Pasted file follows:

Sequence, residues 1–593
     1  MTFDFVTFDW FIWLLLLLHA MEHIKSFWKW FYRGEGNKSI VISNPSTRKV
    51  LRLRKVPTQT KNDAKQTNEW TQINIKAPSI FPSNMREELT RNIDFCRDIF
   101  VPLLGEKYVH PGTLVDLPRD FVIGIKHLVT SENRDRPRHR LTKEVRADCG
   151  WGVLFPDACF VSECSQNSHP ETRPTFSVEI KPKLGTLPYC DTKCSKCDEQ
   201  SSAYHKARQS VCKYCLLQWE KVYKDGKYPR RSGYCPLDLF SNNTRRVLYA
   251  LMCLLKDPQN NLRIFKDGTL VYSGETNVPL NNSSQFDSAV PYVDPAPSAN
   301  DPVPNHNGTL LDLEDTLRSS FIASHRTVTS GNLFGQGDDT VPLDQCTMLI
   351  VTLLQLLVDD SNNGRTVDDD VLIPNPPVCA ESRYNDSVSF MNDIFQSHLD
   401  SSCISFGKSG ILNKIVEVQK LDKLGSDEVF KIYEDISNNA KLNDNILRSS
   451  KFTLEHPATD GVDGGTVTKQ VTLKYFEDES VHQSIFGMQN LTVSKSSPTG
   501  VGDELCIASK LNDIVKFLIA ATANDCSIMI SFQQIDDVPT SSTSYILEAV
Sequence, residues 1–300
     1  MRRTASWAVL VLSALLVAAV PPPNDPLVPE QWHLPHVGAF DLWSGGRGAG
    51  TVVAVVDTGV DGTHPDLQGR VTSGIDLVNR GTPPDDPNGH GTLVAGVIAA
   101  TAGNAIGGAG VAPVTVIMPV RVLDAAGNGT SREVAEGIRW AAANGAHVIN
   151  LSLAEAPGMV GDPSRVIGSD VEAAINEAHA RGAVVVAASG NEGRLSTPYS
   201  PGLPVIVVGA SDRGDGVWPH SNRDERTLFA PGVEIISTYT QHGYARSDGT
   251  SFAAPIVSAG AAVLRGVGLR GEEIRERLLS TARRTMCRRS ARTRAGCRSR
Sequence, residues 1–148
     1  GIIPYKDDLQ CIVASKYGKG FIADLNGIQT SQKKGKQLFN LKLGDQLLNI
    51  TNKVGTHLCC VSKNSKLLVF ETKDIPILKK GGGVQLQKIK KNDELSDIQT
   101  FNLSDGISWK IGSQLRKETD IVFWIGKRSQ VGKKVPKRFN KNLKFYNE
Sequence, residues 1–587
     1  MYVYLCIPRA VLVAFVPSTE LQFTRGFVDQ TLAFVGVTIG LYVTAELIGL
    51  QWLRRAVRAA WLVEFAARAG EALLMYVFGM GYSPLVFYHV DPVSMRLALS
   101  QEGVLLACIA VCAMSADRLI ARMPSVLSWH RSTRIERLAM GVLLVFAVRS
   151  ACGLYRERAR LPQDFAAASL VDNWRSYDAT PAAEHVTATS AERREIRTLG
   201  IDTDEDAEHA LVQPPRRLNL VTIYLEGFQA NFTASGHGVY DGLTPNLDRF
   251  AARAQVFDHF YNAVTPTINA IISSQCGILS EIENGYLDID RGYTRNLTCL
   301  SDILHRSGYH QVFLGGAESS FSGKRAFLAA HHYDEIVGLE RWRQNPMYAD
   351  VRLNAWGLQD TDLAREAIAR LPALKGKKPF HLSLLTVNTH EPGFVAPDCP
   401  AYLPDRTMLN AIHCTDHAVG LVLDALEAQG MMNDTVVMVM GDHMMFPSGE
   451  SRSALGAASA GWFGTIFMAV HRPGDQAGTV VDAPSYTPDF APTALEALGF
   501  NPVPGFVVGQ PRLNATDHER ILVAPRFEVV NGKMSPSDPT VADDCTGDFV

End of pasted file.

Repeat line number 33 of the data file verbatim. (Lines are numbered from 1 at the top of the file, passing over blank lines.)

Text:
   401  AYLPDRTMLN AIHCTDHAVG LVLDALEAQG MMNDTVVMVM GDHMMFPSGE